Co-op will honour Aboriginal man’s memory

When Aboriginal elder Jeffrey Smith passed away unexpectedly last month, he was in the process of creating an inclusive, not for profit music and arts cooperative in the Tweed Region. He was a passionate community activist and founding member of local band Fat Albert. Now, a group of Tweed music lovers is working to honour his life and continue with the project.

Soul Sessions Entertainment is one of the businesses throwing their weight behind the concept, with a focus on giving local bands a platform to showcase their talent in a positive and nurturing environment.

“His enthusiasm was contagious,” said Benji Guerrero, speaking about Jeff Smith, “and other members of the Co-op have vowed to continue in his honour.”

Their aim is to create something sustainable for the community and mak sure that the collection of quality musical instruments and production equipment Jeff Smith had gathered over the years are put to good use.

“The intention is that the Co-op will offer workshops, mentoring and align itself with accredited programs and will be completely community focused, the purpose being to train and support those with a passion for music who may otherwise have never had the means to pursue this interest,” Benji said.

“The aim is to embed the culture of music back into the Tweed Valley community as a community function.”

And it seems that the Co-op is hitting the ground running with its first event taking place on Saturday 28 March as a showcase of local music. The all-ages event will showcase the talent of Ivey, a teenage indie pop four-piece and The High Grade (pictured), an energetic eight-piece reggae hip-hop fusion band.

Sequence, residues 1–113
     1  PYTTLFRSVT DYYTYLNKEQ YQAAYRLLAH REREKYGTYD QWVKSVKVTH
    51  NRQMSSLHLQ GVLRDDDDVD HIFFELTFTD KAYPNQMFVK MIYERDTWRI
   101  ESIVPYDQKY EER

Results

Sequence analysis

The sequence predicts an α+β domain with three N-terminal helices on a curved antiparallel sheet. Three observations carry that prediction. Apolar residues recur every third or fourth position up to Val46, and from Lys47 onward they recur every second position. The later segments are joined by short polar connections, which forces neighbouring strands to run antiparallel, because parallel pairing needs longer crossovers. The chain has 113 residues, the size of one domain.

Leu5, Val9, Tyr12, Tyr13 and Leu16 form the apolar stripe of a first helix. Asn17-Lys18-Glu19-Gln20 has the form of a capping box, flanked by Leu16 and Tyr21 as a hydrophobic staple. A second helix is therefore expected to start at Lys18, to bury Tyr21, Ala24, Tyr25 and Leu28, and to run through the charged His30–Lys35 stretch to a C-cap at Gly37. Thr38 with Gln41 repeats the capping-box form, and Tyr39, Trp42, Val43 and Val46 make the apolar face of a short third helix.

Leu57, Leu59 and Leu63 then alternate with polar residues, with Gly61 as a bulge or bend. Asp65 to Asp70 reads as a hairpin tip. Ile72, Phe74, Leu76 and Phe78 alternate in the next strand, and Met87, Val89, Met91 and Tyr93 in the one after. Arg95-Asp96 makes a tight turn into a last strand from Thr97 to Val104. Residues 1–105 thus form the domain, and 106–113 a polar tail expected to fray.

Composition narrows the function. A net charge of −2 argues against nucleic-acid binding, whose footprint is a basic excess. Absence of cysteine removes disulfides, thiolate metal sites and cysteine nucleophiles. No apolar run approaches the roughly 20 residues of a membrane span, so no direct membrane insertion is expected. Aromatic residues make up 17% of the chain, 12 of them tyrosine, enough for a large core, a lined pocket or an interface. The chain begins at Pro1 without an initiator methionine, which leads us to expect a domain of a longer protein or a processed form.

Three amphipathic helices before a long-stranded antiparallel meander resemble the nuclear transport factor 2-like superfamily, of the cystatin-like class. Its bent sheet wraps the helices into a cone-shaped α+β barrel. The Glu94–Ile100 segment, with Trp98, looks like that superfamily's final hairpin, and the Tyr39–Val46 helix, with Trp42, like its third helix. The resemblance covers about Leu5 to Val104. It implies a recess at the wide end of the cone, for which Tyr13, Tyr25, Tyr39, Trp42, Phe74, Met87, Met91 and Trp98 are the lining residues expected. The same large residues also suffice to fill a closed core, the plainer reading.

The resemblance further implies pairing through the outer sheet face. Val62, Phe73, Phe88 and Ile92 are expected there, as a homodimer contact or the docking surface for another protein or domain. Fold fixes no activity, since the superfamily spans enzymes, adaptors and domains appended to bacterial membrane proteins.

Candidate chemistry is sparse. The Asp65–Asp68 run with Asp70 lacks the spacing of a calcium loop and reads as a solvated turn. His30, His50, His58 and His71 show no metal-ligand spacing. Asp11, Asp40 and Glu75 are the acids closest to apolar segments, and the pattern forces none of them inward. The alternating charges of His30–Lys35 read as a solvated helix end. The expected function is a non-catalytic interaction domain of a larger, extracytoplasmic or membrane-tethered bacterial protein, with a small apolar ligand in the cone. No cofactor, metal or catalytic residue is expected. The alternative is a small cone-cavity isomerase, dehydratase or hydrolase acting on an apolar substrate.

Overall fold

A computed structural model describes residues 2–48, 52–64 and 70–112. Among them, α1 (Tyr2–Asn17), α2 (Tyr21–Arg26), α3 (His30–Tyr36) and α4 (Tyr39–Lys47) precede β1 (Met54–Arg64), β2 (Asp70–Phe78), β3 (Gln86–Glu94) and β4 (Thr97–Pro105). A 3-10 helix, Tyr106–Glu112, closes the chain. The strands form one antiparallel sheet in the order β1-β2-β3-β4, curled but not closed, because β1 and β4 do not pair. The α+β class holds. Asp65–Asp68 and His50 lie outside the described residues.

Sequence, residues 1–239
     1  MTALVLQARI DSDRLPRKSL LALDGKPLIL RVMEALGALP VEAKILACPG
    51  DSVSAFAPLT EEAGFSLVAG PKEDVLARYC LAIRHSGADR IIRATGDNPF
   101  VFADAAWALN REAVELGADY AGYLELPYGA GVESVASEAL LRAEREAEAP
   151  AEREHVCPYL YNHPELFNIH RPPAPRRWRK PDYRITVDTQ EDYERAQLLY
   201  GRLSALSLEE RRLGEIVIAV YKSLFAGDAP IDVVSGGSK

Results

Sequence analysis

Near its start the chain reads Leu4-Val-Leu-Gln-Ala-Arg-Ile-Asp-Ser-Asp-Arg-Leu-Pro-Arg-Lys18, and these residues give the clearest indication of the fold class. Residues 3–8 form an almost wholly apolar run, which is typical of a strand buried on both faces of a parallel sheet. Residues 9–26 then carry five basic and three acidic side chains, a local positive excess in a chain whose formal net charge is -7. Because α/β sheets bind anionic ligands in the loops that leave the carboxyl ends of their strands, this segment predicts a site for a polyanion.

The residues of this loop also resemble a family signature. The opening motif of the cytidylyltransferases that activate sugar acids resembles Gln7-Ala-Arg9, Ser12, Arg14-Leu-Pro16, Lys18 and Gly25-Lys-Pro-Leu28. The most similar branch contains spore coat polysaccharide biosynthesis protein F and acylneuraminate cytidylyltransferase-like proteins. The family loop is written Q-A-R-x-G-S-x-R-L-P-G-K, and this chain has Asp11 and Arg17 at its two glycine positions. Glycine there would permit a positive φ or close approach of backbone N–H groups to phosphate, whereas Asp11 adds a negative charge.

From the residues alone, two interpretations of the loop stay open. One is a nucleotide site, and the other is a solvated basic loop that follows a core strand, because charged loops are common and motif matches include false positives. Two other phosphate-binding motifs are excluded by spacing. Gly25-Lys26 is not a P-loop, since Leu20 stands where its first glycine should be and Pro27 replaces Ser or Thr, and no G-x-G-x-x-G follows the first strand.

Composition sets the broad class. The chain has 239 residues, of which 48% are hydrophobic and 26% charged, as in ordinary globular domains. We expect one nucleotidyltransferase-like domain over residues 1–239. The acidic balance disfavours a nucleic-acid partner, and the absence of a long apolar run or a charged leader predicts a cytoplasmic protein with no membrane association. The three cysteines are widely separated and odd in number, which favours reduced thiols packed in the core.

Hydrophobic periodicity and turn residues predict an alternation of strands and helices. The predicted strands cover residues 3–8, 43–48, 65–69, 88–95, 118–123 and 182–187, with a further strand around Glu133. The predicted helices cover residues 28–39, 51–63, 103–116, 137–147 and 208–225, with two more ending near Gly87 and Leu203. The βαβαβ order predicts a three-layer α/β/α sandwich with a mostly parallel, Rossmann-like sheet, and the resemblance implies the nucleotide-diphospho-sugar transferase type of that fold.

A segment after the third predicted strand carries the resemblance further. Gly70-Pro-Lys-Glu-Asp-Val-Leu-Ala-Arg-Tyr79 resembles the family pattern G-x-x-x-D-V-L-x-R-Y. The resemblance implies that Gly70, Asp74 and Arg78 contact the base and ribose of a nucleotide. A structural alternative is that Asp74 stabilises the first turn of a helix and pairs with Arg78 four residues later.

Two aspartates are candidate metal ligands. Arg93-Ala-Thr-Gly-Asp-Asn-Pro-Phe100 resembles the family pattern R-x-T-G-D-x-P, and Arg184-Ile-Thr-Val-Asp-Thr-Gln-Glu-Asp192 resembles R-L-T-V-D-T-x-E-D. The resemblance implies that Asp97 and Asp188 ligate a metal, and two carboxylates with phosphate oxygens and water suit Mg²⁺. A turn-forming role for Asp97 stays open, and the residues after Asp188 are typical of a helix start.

Ivey will be releasing their debut EP Cascade on the night.

“There will be a dedication to Jeff on the night, and names will be gathered of those interested in participating in the co-op or interested in seeing how they can contribute their skills,” Benji said.

Already, interest in the concept is extremely high, with both Indigenous and non-Indigenous musicians, dancers, teachers, trainers, youth workers, producers and artists expressing eagerness to offer their time and skills to help those who struggle to fit into the mainstream education system.”

“With support from NGOs and potential grants, the possibilities are endless,” said Benji. He also said the next step was to find a permanent venue.

“Jeff’s friends and family hope to share his vision with the local community to create positive social change in an area that has somewhat become associated with social issues such as youth gangs, violence and lower socio-economic status,” Benji said.


Soul Sessions Gig poster 28th March

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The High Grade + Ivey at Sunhouse Coolangatta | Saturday 28 March

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